However, let's see what others think :)
66
Glass Paperweights / Re: Paperweight with signature help
« Last post by chopin-liszt on May 28, 2016, 04:19:47 PM »
One of the original students working with Sam Herman at the RCA in 1972 at and involved in setting up the Glasshouse, associated with it.

I have some information from a leaflet produced by CCA in London, published in 2008.

When the Glasshouse closed in '88, she rented space with James Watts at Barleylands, but got dissatisfied with not having her own facilities and left glass for a while.

She then set up a small company making things for gardens with mirrors, which gave her an income.

As of the publishing date ('08), she was studying part-time at Richmond College, doing kiln forming work and "embarking on a new journey".
67
Glass / Arts and Crafts vases
« Last post by Scott13 on May 28, 2016, 12:56:43 PM »
Hi, do you think these are Arts and Crafts?
They certainly have features often associated with AC pieces- green colouring, wavy rims, vertical ribbing and the trumpet shape.

Bases and ribs formed using a mould; the stretching ( swung? ) and rims by hand.

Very grimy when bought- took ages to clean the accumulated dirt from their toes.
Apologies if you happen to be eating  :)

The wear on their bases ( the outer rings-the inner is concave ) ranges from pebble smoothness to small chips ; with a myriad of scratches and minute nicks in-between
A few impurities and seeds in the glass.

Ht--27.5 cms ( nearly 11" )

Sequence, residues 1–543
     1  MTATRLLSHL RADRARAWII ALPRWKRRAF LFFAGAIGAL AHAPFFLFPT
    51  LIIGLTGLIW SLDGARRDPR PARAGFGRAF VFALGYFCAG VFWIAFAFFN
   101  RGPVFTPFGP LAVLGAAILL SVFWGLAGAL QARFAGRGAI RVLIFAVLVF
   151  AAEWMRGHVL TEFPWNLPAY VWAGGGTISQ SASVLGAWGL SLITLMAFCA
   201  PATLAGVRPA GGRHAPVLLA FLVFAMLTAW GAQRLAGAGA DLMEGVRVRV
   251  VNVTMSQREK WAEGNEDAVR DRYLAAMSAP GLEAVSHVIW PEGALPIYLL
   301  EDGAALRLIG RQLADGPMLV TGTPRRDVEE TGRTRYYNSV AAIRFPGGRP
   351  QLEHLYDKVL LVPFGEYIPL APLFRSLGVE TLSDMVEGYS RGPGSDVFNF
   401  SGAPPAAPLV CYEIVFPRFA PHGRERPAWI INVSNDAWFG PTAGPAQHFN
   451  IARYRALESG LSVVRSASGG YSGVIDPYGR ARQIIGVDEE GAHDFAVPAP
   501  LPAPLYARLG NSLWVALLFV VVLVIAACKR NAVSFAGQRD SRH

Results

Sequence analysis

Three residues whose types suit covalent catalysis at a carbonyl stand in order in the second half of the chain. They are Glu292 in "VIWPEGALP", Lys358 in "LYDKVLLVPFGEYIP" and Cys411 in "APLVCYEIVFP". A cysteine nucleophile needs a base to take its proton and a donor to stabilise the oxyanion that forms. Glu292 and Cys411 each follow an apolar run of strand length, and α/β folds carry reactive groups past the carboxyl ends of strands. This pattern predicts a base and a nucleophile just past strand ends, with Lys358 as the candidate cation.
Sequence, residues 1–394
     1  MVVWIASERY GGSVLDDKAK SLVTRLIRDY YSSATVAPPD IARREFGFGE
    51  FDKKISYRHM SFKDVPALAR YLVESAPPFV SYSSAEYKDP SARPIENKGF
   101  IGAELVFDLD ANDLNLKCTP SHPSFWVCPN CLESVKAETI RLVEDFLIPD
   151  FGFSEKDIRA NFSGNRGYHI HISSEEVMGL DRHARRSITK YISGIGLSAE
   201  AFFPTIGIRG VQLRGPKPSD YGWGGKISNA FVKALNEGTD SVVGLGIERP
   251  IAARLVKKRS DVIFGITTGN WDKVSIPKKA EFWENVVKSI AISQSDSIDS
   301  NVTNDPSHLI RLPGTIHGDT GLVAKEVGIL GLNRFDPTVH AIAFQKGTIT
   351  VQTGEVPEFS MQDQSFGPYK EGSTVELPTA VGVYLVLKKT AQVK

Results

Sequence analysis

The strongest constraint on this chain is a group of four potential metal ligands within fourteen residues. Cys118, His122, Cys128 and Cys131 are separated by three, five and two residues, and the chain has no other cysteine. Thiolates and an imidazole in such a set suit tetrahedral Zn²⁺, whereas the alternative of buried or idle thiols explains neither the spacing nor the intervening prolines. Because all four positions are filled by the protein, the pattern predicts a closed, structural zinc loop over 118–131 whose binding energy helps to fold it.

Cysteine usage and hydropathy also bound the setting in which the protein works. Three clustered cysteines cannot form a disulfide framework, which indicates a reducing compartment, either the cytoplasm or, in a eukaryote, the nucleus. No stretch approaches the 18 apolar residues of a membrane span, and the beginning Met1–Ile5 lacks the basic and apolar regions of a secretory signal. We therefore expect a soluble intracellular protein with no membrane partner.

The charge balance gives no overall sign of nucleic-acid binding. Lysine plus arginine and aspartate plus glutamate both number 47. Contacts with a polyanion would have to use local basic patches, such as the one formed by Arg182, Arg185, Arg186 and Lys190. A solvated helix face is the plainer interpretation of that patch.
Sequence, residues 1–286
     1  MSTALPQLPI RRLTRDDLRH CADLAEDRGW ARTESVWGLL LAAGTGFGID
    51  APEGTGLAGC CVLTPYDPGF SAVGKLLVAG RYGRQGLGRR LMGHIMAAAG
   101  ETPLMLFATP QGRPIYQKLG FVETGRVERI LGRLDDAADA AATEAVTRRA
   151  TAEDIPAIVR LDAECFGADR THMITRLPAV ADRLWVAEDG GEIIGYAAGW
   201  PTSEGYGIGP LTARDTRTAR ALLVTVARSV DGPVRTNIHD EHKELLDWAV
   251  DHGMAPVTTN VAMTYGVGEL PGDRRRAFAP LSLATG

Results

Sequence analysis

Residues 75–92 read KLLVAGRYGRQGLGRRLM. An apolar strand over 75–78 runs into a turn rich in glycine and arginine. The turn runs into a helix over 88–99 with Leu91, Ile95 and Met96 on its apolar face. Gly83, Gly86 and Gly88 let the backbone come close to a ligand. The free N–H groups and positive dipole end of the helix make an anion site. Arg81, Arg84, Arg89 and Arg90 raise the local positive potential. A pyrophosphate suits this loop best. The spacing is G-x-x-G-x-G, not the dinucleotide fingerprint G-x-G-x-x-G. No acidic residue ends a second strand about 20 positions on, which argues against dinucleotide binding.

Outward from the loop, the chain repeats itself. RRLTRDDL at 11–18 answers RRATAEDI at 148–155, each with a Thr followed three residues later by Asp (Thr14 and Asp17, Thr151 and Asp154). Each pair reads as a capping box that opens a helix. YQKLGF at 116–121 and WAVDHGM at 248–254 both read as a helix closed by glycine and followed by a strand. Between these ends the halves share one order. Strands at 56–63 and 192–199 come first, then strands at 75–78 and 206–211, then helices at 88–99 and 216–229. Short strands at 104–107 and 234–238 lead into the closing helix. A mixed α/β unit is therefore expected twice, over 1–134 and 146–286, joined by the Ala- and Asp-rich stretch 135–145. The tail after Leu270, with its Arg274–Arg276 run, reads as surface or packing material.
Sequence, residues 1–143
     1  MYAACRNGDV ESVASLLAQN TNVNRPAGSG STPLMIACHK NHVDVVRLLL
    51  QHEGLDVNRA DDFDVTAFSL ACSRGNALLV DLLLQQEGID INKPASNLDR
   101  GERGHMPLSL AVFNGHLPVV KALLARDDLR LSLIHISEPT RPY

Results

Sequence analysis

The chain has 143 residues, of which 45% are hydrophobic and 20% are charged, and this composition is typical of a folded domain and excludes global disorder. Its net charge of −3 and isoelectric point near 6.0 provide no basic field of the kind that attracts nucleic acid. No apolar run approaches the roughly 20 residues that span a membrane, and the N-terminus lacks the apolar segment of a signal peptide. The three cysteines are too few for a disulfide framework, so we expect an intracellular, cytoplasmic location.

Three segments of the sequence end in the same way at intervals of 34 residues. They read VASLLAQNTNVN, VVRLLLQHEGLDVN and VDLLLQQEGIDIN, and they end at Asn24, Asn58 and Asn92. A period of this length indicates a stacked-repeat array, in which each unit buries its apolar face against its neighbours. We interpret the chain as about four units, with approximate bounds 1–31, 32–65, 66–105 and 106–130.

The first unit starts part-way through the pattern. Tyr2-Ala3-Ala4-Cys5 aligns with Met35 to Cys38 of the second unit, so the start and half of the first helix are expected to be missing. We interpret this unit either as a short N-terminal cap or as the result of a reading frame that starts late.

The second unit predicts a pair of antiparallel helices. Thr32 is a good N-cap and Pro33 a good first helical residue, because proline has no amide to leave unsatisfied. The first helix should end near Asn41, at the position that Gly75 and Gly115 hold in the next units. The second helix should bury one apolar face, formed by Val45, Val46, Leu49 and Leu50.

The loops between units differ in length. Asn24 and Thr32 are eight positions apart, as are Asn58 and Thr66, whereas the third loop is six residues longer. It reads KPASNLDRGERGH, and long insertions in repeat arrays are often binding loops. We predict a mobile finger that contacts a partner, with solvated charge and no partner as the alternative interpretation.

Wt--quite heavy, 450gms ( each)

I can't find that much info on AC glass ( other than stained )
No shortage with regard to furniture, ceramics etc etc - but glass, it seems to me at any rate, has been generally overlooked   :(

Thanks for looking
Scott

68
Glass / Re: lead glass
« Last post by oldglassman on May 28, 2016, 09:26:16 AM »
Hi ,
             I have just been re reading this interresting thread and thought that this article may be of interrest to those who have commented here on the subject of  lead glass development in England , (scroll down to read full article)

http://www.academia.edu/7121691/Late_17th-Century_Crystal_Glass_An_Analytical_Investigation_Dungworth_and_Brain_

I am told by Colin Brain that more publications are in the pipeline but not yet available for public viewing.

cheers ,

Peter
69
Glass / Re: Please Help id glass plate
« Last post by kymnev on May 28, 2016, 07:32:39 AM »
Thank You for your help.  I am pretty sure you're correct. :) I found these photos with this heading "Humppila Heiniš kainalossa malja (Kaija Aarikka)" what do you think??? Thanks again. Regards

[Mod: Images removed in line with Board guidelines: ADMIN: Using Copyright Material
For access to the web page with the images, please
click here.]
70
Glass Paperweights / Re: Paperweight with signature help
« Last post by keith on May 27, 2016, 11:13:09 PM »
 ;D ;D